• Low ROI. The ROI on paying full-time wages for only 40% productivity isn’t great. Underutilized resources are an unnecessary expense for businesses, costing your business money without being productive enough to contribute to profit.
  • Signal a mismatch between skills available and skills needed. If you see employees in one area of the business regularly underutilized and those in another department overutilized, this signals a mismatch between the skills available in the organization and the skills needed to meet demand.

The impacts of overutilization

As for the dangers of overutilization, they are many of them:

  • Stress caused by increased workload. Employees may experience high anxiety and stress levels created by an excessive workload. If they're constantly overworked, they will eventually suffer from mental and physical exhaustion.
  • Decreased employee engagement. Over time, poor workload management and a demanding schedule can make employees feel like their work isn’t valuable. Employees who feel dissatisfied with their work or unvalued may become less productive or even resort to quiet quitting.
  • Reduced productivity. Overworked employees may lack the motivation to complete their tasks effectively, leading to lower productivity levels.
  • Poor quality work. More work doesn’t necessarily mean better quality work. If employees are pushing themselves to meet capacity utilization quotas, the quality of their work may suffer.
  • Reduced profitability. This increased pressure to be productive can also cause people to make mistakes and miss deadlines, disrupting workflows. This can reduce profitability, tank customer satisfaction, and ruin the company’s industry reputation.
  • High turnover. Employees may seek jobs with more sustainable practices and healthy work-life balances that meet their needs. In the end, high turnover means constantly needing to replace talent, which lowers the high utilization productivity-driven businesses are trying to cultivate.

How to measure your capacity utilization rate

Now you understand the concept of capacity utilization and why this metric is so important, how do you actually measure your capacity utilization rate? Let’s break it down into several easy-to-follow steps.

Understand what data to collect when measuring capacity utilization

The first step in measuring this metric is defining the data to be collected. This is the formula for calculating capacity utilization: Capacity utilization = (actual productive hours/ total available capacity) x 100

But to complete this equation, you’ll need these two data points to hand:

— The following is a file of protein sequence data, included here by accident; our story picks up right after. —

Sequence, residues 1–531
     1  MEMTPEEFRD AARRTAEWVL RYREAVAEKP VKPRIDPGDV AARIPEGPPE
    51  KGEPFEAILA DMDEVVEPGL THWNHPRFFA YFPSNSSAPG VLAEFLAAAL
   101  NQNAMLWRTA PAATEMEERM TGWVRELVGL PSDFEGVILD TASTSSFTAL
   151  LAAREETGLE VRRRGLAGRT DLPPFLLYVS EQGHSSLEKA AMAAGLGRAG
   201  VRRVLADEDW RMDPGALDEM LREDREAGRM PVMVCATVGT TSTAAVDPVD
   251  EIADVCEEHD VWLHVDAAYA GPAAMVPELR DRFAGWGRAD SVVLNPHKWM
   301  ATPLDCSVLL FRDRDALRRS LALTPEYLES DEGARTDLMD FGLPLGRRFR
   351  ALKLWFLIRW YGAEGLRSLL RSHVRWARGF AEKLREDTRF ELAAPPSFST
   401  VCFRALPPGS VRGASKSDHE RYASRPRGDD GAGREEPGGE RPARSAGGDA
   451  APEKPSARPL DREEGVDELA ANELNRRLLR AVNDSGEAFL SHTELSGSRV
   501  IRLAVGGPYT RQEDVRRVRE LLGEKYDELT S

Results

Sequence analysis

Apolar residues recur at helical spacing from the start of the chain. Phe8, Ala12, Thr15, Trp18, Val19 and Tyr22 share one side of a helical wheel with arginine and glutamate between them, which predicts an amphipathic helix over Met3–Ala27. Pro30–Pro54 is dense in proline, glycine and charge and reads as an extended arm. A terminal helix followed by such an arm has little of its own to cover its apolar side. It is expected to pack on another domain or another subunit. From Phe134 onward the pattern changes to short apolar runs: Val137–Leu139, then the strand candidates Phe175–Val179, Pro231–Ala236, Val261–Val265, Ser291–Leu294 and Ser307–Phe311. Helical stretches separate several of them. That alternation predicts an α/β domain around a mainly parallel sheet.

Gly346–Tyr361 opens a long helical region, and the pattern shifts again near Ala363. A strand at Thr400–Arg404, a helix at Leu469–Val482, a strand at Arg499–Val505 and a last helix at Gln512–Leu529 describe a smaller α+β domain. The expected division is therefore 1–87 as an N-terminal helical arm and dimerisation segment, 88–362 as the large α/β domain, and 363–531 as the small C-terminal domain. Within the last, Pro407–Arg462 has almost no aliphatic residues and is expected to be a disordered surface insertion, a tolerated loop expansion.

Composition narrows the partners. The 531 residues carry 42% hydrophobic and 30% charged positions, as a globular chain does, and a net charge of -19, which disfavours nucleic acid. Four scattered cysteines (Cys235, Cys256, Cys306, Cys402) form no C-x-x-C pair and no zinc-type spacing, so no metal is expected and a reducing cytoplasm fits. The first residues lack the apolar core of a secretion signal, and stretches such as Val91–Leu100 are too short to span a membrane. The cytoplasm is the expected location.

• Total available capacity — or the total hours available to be used
  • Actual productive hours — or the hours forecasted to be used productively

These data points represent the values you want to use in your report.

Set capacity utilization goals

First, set utilization goals across the organization. Your organization’s utilization goal represents the maximum hours available to be used productively.

These may differ from department to department or by role, but you should have an average across your organization.

As we covered earlier, this should be around 80% of the working day, allowing for good productivity while considering that people need unscheduled time.

So, if your company’s work day is 8 hours long and you have a utilization goal of 80%, its total available capacity utilization can be worked out like this:

(8/100) x 80 = 6.4

That means your total available capacity per day is 6.4 hours. Remember, you can scale this up by week or year to look at the company’s capacity utilization at a larger scale.

Define what counts as ‘productive’ hours worked

Now, it’s time to define how you’ll measure your workforce’s productivity. What’s important to note is that you measure capacity utilization in two ways:

  1. Historically. Understanding your business's historical capacity utilization rates includes looking at past performance, allowing you to make optimizations moving forward.
  2. Forecasted. This compares the work your organization has planned for the coming weeks or months to your available time.

We’re going to focus on the latter method for now. The easiest way to do this is by digitally tracking upcoming utilization — more on that in a moment — but you can’t do this if you don’t understand the difference between productive and non-productive work. Here's how professional service firms and agencies typically differentiate between the two.

Productive time

Productive time refers to time spent on client billable tasks that directly generate revenue, such as:

  • Project work
  • Client meetings
  • Preparation and planning
  • Project management
  • Client support

Non-productive time

Non-productive time typically refers to any tasks that don’t generate revenue, such as:

  • Administration
  • Internal meetings
  • Business development
  • Personal time, downtime, and idle time
  • Professional development
  • Travel

Remember, when measuring capacity utilization, you'll usually exclude admin and operational staff whose productivity isn’t directly related to driving revenue through billable hours.